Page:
There is one other important exception that justifies polygamy and doesn't make taking another wife adultery. That is the commandment and duty to care for the fatherless and the widow. While many aspects of the Law of Moses were fulfilled in Chirst, our duty to care for the widow is still part of Christ's new and everlasting covenant. 1 Timothy Chapter 5 discussed the law for the care for widows. According to this chapter the first responsibility to care for a widow was on the widows own family. But if the widow were young (less than 60), Paul taught that the widow should remarry.

1 Tim 5:14-18 I will therefore that the younger women (less than 60) marry (remarry), bear children, guide the house, give none occasion to the adversary to speak reproachfully. For some are already turned aside after Satan. If any man or woman that believeth have widows, let them relieve them, and let not the church be charged; that it may relieve them that are widows indeed. Let the elders that rule well be counted worthy of double honour, especially they who labour in the word and doctrine. For the scripture saith, Thou shalt not muzzle the ox that treadeth out the corn. And, The labourer is worthy of his reward.

Many of the second wives of Heber C. Kimball and Brigham Young were widows of other church brethren. So, in these cases, having multiple wives and supporting multiple households is not considered adultery.

James 1: 27 Pure religion and undefiled before God and the Father is this, To visit the fatherless and widows in their affliction, and to keep himself unspotted from the world.
visit = episkeptomai = to care for

What is amazing is that the "Thou shalt not muzzle the ox" is used to justify the lavish lifestyle of many Christian pastors and bishops when this chapter is clearly referring to the duty of the elder who is using their own hard-earned money to care for multiple households. It is the elders who are caring for the widow and the orphan who rule (their homes) well who should be counted worthy of double honour. Further evidence that elder is referring to male believer in the church and not the pastor or bishop is that 1 Tim 1:19 "Against an elder receive not an accusation, but before two or three witnesses." The Pastor or Bishop would be serving as the judge and not be the accused.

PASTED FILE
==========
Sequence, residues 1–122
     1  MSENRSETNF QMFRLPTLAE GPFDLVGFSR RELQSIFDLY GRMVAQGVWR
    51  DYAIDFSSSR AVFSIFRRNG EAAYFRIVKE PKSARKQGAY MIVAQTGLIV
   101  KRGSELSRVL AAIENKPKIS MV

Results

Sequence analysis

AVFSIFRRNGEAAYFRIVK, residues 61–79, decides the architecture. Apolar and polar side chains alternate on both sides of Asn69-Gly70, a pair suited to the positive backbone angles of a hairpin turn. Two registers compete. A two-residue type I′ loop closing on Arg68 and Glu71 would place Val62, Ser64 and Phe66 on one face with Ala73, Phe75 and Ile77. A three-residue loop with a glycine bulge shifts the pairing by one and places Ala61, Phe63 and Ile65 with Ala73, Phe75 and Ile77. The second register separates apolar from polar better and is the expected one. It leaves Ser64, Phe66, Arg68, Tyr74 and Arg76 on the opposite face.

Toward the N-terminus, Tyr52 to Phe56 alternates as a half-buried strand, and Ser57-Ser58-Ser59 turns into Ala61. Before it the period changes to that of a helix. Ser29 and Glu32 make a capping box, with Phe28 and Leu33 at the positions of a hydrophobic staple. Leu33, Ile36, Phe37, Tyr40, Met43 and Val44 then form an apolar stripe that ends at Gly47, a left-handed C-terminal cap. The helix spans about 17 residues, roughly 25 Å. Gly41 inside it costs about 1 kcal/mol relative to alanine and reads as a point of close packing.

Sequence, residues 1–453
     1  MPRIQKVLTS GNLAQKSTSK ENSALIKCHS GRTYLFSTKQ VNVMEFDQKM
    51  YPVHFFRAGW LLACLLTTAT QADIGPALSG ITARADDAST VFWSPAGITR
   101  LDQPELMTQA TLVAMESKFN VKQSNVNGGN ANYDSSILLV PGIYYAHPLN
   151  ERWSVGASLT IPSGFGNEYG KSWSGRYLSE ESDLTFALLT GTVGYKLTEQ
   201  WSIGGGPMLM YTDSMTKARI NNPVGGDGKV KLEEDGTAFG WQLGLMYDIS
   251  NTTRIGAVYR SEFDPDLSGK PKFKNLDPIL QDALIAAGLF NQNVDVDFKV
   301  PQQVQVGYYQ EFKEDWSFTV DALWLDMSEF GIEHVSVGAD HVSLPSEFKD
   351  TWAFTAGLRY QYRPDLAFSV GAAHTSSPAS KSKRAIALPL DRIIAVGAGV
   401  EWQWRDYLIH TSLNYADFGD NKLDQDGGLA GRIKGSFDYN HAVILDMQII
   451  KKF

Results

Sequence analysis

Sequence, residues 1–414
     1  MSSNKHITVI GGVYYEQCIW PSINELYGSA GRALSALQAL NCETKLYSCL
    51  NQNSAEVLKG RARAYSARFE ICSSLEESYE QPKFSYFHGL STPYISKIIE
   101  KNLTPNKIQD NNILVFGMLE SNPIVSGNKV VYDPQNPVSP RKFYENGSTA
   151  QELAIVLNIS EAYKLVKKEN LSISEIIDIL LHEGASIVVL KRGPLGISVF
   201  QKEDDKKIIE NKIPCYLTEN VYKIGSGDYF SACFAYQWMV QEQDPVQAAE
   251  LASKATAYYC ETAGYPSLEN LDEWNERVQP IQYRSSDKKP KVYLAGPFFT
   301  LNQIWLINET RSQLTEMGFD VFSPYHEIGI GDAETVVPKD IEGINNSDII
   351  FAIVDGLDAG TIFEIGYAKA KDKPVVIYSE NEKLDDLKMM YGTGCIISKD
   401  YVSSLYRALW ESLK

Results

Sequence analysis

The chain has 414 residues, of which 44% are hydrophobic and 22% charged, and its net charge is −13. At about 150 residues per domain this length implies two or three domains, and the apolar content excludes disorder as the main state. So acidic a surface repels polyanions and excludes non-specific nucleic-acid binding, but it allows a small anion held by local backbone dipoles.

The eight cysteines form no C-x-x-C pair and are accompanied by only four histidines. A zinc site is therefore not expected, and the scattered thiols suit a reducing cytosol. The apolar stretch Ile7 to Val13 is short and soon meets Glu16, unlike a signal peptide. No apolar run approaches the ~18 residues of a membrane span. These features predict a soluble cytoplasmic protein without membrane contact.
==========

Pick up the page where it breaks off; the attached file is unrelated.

Evidence that polygamy was practiced by the Jews at the time of Christ and the Early Christian saints can be found in the pastoral epistles of Paul. In speaking of the qualifications for a Bishop, Paul stress that bishops and other church leaders need be the husband of one wife. I presume this is to provide ample time to manage the flock and attend to the work of the ministry instead of caring for several households comprised of widows (polygamy) and orphans (adoption). If polygamy wasn't a common practice, I am not sure why Paul would have brought it up.

Polygamy was required of the early LDS Saints for their exaltation because they were commanded and empowered to receive it. If they had rejected that perfecting work, then they would be rejecting the Holy Ghost which guided them into that practice. And therefore, would have have been rejecting Christ (John 13: 20). God does not require it of us today, so it is not a practice to be desired, and is not part of our path to perfection and sanctification.

Also, with regard to commandments and exceptions to them, I try to live by the following mantra: It should only be an rare exception when I am the exception.

No comments: